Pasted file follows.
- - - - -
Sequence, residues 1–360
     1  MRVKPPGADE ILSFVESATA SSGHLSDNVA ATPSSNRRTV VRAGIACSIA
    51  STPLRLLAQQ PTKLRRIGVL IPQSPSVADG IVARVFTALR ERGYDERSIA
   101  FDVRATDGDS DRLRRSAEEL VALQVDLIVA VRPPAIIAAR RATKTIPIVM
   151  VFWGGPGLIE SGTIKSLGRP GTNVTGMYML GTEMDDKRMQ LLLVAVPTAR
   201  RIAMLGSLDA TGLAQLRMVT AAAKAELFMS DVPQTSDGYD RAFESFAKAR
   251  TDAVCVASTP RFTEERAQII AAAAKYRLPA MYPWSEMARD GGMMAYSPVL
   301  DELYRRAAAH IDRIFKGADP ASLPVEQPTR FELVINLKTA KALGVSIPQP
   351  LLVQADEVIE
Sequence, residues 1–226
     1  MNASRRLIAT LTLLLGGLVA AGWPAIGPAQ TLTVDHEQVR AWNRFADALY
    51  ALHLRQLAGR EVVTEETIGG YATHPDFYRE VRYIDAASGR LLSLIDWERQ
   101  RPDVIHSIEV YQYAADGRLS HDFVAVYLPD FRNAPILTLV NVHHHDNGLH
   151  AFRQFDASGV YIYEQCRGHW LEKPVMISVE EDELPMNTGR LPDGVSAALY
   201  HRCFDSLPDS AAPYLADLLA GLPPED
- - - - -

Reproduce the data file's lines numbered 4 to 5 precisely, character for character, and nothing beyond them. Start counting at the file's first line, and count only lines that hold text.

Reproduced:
   101  FDVRATDGDS DRLRRSAEEL VALQVDLIVA VRPPAIIAAR RATKTIPIVM
   151  VFWGGPGLIE SGTIKSLGRP GTNVTGMYML GTEMDDKRMQ LLLVAVPTAR